Why did you start this business after twenty years as a sole trader?

Because I was lonely. 

What have you learned?

However 'well-educated' I am, I'm not 'qualified' to do any of the things I do best. Most learning takes place after 'education'. Apart from the'3 rs', which are essential, what does that tell you?    

I believe 99% of us have the potential to progress far beyond our circumstances, but only 1% of us think we can. 

Anything else?

We in Britain are world-class manufacturers and innovators, but 'trade’ is still a dirty word. Governments care when it suits their purposes. 'Success' taught in business schools is building up a business as quickly as possible, ramping up ‘shareholder value’ in the City, selling out and retiring to affluent seclusion in the shires. A generation or two down the line, the descendants reap a bitter harvest.

The Germans are right and we are wrong. Flotation, hedge funds and private equity too often deprive businesses of long-term investment. This benefits the tiny minority at the expense of those who work and create wealth and prosperity for our families and our country.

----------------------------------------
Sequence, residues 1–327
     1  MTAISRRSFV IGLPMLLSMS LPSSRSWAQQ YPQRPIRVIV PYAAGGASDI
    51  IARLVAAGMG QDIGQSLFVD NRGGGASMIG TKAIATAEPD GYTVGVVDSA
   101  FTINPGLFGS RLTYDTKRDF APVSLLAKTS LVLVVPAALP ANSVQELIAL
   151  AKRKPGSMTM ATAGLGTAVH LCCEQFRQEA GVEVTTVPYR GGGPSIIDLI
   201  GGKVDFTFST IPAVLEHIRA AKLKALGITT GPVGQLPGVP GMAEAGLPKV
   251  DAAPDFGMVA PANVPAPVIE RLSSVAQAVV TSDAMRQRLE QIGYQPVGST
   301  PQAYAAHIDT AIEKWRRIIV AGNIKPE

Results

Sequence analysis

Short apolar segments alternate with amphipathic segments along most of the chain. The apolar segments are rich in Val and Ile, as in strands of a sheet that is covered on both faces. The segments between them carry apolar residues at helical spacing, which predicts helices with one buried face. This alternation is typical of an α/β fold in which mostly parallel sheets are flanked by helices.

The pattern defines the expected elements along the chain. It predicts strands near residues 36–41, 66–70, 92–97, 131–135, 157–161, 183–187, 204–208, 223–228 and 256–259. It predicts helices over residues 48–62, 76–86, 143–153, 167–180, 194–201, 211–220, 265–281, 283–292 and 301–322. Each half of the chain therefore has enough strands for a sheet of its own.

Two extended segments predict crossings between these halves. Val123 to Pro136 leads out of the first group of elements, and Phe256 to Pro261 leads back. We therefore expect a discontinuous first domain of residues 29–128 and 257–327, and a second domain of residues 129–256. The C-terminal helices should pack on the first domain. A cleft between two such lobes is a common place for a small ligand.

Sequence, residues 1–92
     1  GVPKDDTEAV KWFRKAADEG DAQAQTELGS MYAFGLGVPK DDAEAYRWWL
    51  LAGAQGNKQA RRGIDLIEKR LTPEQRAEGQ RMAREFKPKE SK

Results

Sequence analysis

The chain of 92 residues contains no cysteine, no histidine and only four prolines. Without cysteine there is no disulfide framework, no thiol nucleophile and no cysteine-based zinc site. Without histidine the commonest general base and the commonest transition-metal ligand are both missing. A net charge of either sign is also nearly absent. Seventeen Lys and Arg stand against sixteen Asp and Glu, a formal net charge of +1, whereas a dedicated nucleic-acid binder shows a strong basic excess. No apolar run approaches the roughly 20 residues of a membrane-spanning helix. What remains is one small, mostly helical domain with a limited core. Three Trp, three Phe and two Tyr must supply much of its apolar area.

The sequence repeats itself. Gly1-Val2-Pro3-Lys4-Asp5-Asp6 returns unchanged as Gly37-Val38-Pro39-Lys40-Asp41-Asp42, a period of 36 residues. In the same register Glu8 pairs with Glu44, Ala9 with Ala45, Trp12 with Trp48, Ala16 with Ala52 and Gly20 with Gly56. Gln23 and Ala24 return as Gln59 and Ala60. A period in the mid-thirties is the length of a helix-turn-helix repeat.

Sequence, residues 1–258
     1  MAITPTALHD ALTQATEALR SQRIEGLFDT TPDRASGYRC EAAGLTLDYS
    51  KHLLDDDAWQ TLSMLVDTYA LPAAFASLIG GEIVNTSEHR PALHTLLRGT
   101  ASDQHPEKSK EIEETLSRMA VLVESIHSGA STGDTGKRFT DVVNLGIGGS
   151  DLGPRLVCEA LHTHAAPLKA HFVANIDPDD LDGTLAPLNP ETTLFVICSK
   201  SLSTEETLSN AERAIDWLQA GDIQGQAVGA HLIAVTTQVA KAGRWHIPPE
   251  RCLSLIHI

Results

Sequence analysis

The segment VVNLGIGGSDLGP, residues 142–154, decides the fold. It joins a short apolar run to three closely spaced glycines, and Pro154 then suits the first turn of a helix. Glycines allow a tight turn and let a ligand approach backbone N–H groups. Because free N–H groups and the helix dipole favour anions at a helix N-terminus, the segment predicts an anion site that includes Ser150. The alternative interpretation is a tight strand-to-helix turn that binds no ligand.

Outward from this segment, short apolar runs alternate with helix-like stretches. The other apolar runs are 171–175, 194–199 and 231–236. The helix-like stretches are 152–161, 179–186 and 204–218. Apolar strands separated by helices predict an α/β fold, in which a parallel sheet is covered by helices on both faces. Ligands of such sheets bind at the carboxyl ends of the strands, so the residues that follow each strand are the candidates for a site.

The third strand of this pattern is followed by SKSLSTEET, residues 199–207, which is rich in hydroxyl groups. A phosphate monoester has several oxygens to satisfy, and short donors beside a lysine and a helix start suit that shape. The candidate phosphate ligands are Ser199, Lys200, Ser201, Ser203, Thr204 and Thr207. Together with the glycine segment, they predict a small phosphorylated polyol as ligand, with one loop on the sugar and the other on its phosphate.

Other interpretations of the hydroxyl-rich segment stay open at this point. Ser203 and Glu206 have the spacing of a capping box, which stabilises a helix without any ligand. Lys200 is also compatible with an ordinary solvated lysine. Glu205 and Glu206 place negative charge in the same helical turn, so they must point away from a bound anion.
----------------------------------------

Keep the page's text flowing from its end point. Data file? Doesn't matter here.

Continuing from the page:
Any other beefs?

Life isn't politically correct, get over it. As writers, I admire Lionel Shriver and Camille Paglia.

Left-field question #1.  Who is/was the best electric guitarist you have never seen?

Roy Buchanan. Check out his live performance of Neil Young's 'Down by the River' on youtube.

Left-field question #2.  Who is/were your running heroes?

I used to run the mile quickly and now I run 10k slowly. My heroes are the Australians John Landy and Ron Clarke.  I never had much time for Roger Bannister - a pompous piece of work.      

Who are your business heroes?

Certainly not Tony Montana. On a serious note, I admire Jim Ratcliffe of INEOS - he saw off the Unite thugs who thought they had rights way beyond their responsibilities. His decision to relocate to Monaco however...

What is the worst business you have dealt with in the last week?

Vodafone, closely followed by Yodel.